In the proposed project organic compounds are converted in a capacitively coupled rf discharge - under the "catalytic" action of electrons and rare gas ions - to small molecular fragments. Addition of reagent gases such as O2, N2O, CO2, N2, H2O, CH4, H2, etc. allows the combustion conditions in the rf discharge reactor to be varied from oxidising to reducing. The reactor tube wall is maintained at low temperature to minimise corrosion effects. Under appropriate conditions proton transfer and electron attachment produce positive and negative ions in the decaying plasma and the afterglow region. These ions, or stable ion-molecule reaction products, can be separated in a drift tube under the action of an electric field and measured quantitatively at a collector electrode (ion mobility spectrometry). Electrically neutral combustion products will be mixed with in-situ generated ozone or other compounds known for their ability to induce chemiluminescent reactions. The emitted radiation is monitored with spectral resolution to obtain element specific information. All these processes may occur at atmospheric pressure. The dominant constituent of the discharge exhaust gas is a monoatomic inert gas (He or Ar) and conditions are nearly ideal for quantitative determination of sample fragments. Implementation of the plasma as a flow-tube reactor with minimal dead volume allows direct interfacing to the outlet of a gas chromatograph and testing th...(this text has been cut automatically)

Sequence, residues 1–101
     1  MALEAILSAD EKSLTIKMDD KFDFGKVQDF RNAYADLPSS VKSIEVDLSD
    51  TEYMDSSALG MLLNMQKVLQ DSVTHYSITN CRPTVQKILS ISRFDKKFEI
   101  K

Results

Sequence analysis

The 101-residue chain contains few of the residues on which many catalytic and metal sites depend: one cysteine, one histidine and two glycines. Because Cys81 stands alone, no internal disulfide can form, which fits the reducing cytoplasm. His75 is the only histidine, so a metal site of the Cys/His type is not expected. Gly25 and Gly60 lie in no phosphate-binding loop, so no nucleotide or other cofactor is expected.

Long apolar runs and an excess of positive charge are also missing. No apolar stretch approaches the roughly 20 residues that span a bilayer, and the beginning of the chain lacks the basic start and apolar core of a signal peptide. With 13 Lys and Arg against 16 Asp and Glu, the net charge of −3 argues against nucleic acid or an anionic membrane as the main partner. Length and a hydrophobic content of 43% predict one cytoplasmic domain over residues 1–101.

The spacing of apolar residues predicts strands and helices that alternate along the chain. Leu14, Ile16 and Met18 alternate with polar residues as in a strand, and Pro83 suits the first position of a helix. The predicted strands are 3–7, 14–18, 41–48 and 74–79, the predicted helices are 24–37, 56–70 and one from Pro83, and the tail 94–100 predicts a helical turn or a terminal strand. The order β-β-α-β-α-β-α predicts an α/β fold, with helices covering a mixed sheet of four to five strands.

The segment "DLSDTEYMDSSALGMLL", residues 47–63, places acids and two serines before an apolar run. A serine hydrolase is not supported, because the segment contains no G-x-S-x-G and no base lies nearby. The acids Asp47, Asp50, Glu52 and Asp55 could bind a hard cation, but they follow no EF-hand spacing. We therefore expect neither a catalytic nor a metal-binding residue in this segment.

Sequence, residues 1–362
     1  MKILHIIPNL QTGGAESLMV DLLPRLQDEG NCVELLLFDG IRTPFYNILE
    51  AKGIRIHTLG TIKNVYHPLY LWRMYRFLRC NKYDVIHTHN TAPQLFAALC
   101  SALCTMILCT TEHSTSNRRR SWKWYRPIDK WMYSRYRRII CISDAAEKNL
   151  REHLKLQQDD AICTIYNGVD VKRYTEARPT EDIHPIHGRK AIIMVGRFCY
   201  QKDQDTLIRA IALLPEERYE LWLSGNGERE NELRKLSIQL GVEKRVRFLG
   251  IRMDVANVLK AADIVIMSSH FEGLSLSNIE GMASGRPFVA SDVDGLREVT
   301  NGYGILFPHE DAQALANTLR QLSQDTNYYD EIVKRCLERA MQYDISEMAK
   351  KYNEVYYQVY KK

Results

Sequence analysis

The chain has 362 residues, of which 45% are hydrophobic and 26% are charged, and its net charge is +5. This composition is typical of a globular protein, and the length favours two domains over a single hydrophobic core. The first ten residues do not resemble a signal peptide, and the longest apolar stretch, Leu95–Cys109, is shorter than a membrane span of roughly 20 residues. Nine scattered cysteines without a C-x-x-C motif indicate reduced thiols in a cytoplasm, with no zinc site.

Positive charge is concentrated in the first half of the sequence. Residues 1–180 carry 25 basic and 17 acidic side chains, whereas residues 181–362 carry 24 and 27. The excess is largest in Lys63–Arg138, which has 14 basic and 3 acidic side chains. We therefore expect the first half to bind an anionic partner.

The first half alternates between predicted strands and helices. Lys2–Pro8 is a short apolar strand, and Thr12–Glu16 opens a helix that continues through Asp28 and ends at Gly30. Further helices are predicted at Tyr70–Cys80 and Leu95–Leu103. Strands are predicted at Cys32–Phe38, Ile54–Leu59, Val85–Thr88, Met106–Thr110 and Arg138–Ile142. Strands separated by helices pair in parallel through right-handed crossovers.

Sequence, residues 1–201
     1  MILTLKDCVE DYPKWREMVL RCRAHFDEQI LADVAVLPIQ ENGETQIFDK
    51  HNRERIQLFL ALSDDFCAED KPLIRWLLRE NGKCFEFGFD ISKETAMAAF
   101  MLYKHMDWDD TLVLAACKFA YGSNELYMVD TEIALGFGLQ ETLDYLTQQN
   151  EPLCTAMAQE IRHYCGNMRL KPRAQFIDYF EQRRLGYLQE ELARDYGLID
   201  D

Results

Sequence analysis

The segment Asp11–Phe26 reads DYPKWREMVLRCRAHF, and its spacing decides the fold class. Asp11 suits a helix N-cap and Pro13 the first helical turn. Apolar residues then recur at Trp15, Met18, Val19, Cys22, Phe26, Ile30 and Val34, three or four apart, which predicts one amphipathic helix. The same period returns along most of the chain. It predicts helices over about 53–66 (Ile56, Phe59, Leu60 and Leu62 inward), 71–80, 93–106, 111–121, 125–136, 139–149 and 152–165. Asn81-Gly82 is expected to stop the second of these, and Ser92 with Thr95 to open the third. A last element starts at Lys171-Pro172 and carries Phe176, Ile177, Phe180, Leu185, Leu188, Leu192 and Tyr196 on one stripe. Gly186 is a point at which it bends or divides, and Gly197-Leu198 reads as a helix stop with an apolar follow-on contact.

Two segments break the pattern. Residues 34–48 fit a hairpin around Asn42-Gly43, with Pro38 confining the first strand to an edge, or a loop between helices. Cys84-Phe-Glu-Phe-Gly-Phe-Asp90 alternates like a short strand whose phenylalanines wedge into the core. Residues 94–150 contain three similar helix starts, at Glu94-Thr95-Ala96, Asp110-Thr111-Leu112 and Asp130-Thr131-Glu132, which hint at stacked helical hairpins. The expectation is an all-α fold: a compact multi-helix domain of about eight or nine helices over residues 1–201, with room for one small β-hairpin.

|Effective start/end date||1/11/95 → 31/01/98|
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